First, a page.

Dr. Andrew Wakefield is the man behind the 1998 controversy saying that the MMR vaccine caused autism. The weekly produced medical journal, The Lancet supported the claim that autism and vaccines were linked, but it was later discredited. Dr. Andrew Wakefield is the doctor who gave birth to the fraudulent claim.
His “proof” encouraged parents not to vaccinate their children for the deadly diseases they prevent because of the autism claim. Many parents followed this fake news and did not vaccinate their children. As a result, we started hearing of cases of measles cropping up from this revelation of a medical travesty. Dr. Andrew Wakefield was investigated by several medical sources and his claim was found to false. The doctor was charged with medical misconduct in May 2010 and was removed from the medical register which meant he could no longer practice medicine in the UK.
The results of the investigation for the vaccine were that it does not cause autism, and getting it outweighed the risks. Lawyers that were filing suit for parents of children with autism were rejected on the premise of the fraudulent paper put forth by Dr. Andrew Wakefield. In a 2011 journal article, this hoax was called the most damaging hoax in 100 years in the UK.
After the measles outbreaks in 1992 England, British authorities showed a rise in measles in school age children. In 1994 Britain began a vigorous country-wide campaign to vaccinate every child against measles, mumps, and rubella. Every school, age child up to the age of 16 was given the vaccine. From this time on, children were vaccinated.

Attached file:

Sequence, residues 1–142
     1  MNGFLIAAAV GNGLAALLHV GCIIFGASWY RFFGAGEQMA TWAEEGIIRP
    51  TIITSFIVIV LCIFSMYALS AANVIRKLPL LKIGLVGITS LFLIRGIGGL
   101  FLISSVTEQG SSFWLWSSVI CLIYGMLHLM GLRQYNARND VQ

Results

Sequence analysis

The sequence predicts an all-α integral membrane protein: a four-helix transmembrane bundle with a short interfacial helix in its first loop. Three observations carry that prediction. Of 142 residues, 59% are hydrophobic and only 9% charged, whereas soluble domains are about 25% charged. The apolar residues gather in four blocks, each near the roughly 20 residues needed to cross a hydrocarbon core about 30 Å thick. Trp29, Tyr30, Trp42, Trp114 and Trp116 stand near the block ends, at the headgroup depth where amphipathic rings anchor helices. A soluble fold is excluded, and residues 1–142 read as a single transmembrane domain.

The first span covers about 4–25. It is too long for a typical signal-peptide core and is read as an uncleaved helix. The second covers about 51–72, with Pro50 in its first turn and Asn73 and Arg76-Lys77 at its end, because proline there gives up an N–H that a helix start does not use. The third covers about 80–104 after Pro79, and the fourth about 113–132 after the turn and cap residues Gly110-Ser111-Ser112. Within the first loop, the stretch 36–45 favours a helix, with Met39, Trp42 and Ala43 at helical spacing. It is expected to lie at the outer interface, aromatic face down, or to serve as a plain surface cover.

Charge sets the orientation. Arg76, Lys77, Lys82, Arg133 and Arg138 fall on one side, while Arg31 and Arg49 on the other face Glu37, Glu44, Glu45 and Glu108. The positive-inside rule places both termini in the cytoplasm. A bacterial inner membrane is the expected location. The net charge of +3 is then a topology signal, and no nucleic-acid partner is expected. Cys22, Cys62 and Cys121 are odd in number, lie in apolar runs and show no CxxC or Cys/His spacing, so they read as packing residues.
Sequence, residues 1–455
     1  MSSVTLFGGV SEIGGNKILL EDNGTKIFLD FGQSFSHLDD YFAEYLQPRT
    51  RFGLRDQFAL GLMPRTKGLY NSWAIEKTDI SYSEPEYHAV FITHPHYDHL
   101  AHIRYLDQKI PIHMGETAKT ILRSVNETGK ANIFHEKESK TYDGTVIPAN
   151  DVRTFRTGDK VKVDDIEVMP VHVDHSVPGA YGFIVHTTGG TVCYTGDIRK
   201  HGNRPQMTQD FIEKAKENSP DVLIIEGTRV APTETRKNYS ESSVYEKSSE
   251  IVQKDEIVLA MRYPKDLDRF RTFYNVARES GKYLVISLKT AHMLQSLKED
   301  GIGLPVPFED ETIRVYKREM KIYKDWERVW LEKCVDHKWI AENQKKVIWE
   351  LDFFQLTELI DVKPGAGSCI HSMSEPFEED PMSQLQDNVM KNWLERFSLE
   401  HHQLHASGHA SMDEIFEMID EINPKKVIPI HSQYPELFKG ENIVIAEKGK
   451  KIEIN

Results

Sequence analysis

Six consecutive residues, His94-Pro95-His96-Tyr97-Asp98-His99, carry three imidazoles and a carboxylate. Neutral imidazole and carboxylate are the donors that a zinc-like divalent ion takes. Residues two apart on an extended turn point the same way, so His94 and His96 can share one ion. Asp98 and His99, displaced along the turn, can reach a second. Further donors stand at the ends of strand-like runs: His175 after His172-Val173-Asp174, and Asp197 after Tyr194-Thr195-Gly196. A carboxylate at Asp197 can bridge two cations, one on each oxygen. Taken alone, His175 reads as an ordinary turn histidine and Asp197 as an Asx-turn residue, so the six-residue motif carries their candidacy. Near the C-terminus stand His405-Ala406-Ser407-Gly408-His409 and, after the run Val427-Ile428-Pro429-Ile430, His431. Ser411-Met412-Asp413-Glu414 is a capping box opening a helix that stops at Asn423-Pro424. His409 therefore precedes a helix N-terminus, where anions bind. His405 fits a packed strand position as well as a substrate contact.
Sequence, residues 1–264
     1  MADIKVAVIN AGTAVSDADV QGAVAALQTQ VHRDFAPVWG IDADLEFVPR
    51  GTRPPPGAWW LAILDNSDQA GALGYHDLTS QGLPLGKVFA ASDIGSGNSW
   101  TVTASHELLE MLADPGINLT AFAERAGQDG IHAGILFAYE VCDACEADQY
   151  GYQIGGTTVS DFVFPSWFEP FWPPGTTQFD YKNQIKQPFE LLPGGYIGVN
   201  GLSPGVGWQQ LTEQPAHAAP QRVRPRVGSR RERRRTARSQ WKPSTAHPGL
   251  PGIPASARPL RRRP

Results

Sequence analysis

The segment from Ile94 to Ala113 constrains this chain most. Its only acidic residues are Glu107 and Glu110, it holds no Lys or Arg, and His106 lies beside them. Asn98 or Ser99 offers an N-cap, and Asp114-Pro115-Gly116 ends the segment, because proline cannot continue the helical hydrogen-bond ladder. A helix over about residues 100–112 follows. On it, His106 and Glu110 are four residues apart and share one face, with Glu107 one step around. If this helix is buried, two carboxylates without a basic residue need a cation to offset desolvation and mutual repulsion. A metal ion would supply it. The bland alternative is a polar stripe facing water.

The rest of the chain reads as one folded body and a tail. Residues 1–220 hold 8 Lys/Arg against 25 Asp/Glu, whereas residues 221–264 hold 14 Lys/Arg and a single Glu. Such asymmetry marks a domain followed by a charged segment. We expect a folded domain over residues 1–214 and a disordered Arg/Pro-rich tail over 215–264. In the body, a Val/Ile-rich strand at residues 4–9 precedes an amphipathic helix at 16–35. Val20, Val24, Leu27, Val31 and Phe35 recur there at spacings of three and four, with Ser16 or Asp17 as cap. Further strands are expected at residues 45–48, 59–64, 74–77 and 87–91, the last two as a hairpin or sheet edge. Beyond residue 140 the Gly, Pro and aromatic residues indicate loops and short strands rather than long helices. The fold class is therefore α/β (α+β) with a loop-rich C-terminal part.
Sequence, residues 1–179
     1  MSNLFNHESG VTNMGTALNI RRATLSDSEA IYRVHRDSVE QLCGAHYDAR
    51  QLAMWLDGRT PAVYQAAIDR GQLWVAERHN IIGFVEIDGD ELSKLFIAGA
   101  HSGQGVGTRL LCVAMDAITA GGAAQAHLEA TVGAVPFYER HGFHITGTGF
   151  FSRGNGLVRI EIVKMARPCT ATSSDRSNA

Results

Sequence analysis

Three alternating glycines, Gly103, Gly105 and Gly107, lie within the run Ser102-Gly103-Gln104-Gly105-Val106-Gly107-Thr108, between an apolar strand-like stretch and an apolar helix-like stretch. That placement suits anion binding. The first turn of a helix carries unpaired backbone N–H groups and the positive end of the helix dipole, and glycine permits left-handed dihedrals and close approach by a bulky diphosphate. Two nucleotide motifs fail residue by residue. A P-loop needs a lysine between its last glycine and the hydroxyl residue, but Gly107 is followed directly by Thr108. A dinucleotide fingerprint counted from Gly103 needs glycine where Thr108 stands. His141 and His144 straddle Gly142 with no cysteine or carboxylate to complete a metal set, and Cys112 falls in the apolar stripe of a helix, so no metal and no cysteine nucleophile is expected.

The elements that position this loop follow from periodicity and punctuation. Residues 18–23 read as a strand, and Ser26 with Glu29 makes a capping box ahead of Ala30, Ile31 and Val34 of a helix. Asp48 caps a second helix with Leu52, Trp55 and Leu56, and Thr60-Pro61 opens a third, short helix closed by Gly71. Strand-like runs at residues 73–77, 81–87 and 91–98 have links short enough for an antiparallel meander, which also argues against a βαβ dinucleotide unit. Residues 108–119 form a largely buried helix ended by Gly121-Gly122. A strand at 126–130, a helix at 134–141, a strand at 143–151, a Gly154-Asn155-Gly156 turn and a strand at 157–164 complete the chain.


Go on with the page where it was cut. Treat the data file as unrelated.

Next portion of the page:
This “controversy” reached the United States and parents also stopped vaccinations. But in the US, if a child is not vaccinated they are denied entry to school, preschool included because of the risk of spreading the disease to others. In the wake of this fraud in the UK, many legal actions have taken place including ethics reviews. Besides the US and Britain, Italy and Japan were also affected.
Autism diagnoses increased in the 1990s and 2000s but this is due to changes in the way it is diagnosed. And advances in medical tools, used for discovering the abnormality. The outbreaks from the non-vaccinated children were in all of the affected countries and the paper by Dr. Andrew Wakefield. The panic that ensued was directly related to his false information and fear mongering.
Concerned parents do their best to protect their children from avoidable instances and they were protecting their children, albeit based on poor information, they thought since he is a doctor it has to be true. Any parent would do this, but once it was proven that the vaccine did NOT cause autism, lawsuits were filed by parents of children who had autism after receiving the shot. The suits were dismissed once the official results of the testing and discovery were finished.
This controversial and false report is still quoted today, in 2017 as a reason for not vaccinating children so to those who refuse to be educated are still perpetuating the autism claims as real.